Posted by: ajay | Link to this comment | 11-15-15 8:42 AM
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Wry Cooter is still available.


Posted by: Barry Freed | Link to this comment | 11-15-15 8:53 AM
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Huzzah, JM and Blandings!


Posted by: Stanley | Link to this comment | 11-15-15 8:53 AM
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Wry Cooter is still available.

...laydeez.


Posted by: | Link to this comment | 11-15-15 9:26 AM
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Congratulations, Jackmormon and Mr. Blandings! May your (additional) years together be long and joyous.


Posted by: Witt | Link to this comment | 11-15-15 10:11 AM
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Congratulations to the happy couple!


Posted by: NickS | Link to this comment | 11-15-15 11:00 AM
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Thanks, everyone! I think it went well.


Posted by: Jackmormon | Link to this comment | 11-15-15 11:43 AM
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Yay!


Posted by: Barry Freed | Link to this comment | 11-15-15 11:44 AM
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I'm confused. Are these unfogged couples couples who knew each other before they started commenting and then got married, or have people actually met and fallen in love through comments?

"While your 2,000 word contrarian comments about really obscure topics first attracted my attention, it was your commitment to pedantry above all that really won my heart"

"It was your ability to insert cock-joke puns in even the most serious of subject matter that made me know you you were the one."


Posted by: Buttercup | Link to this comment | 11-15-15 12:12 PM
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259.3 I too have always wanted my own ekranoplan. Let's camp on the veldt and hunt aurochs with our atlatls.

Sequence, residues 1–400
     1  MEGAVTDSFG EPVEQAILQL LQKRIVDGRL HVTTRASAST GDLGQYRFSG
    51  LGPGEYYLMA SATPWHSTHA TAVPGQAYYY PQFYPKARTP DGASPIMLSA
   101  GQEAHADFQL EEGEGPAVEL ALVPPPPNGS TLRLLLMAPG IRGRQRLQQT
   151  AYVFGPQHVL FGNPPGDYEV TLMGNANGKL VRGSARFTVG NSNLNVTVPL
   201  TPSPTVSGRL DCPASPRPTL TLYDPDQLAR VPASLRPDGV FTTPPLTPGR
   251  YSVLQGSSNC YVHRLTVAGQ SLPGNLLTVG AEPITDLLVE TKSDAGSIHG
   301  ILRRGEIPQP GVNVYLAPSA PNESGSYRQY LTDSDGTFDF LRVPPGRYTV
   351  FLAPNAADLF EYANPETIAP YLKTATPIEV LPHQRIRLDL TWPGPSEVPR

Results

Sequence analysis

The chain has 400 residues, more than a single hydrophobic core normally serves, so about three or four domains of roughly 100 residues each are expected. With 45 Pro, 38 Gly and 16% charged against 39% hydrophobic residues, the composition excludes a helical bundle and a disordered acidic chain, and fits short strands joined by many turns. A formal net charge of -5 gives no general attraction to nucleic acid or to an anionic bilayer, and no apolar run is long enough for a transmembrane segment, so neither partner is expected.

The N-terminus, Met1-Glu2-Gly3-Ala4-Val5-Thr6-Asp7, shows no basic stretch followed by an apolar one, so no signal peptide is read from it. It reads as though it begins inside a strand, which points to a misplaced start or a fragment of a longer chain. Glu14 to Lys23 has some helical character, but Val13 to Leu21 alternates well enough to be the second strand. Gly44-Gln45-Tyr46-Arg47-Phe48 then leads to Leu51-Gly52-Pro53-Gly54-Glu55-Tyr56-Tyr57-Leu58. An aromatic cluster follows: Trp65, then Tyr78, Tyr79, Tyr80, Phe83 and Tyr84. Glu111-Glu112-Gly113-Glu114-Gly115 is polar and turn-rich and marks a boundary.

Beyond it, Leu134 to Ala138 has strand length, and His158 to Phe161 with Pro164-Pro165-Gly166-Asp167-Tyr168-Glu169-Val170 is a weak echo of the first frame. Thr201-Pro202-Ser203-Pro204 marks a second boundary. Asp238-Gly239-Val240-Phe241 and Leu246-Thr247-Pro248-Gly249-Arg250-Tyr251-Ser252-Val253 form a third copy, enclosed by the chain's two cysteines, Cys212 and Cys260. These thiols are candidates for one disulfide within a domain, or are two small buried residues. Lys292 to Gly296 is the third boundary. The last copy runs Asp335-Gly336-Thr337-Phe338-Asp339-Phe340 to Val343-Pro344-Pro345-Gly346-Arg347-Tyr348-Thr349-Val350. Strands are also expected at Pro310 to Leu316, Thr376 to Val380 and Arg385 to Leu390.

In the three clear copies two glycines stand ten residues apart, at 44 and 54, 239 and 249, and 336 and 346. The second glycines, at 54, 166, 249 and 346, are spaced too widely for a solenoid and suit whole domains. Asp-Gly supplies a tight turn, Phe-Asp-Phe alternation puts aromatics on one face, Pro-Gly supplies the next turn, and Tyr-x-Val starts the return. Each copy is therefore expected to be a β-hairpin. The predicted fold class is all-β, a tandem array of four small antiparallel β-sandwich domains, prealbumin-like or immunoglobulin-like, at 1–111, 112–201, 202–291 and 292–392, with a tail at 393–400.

Posted by: Barry Freed | Link to this comment | 11-15-15 12:20 PM
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Unfogged: home of the contrarian cock joke


Posted by: Nworb Werdna | Link to this comment | 11-15-15 12:23 PM
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In honour of which

There once was a young man of Kent
Whose prick was so long that it bent
To save himself trouble
He put it in double
And instead of coming, he went


Posted by: Nworb Werdna | Link to this comment | 11-15-15 12:24 PM
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||

Well, I for one am shocked -- shocked! -- that such an eventuality as this should come to pass:
http://mobile.nytimes.com/2015/11/15/us/politics/many-say-high-deductibles-make-their-health-law-insurance-all-but-useless.html?_r=0

||>


Posted by: Natilo Paennim | Link to this comment | 11-15-15 12:25 PM
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263

I can't actually read anything about healthcare in the US because it is making me too angry. The whole healthcare-industrial complex (pharma execs, health insurance execs, high-level hospital admins, Republican governors, Joe Lieberman) will be first against the wall when the revolution comes.


Posted by: Buttercup | Link to this comment | 11-15-15 12:31 PM
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This seems like the right thread. I have a question for people who know more than me, is there any legitimate reason why Saudi Arabia is a better ally in the ME region than Iran? Given the activity there in the past 15 years, is there any reason why Iran should be viewed as "naturally" less aligned with American interests than any of the other major powers we view more favorably (Egypt, Saudi Arabia, Turkey)?


Posted by: Buttercup | Link to this comment | 11-15-15 1:20 PM
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259.1 -- It really is the latter: Watch Out!


Posted by: CharleyCarp | Link to this comment | 11-15-15 1:21 PM
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265: It turns or history matters.


Posted by: Moby Hick | Link to this comment | 11-15-15 1:35 PM
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Or s/b out.


Posted by: Moby Hick | Link to this comment | 11-15-15 1:35 PM
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2. ISIS. The remnant of Saddam Hussein's officer corps, led by psychopathic ideologues.

So you're saying this is the rare situation where taking out the people at the top would accomplish something? Saddam Hussein's officer corps, led by other members of Saddam Hussein's officer corps, wouldn't be bad at this point.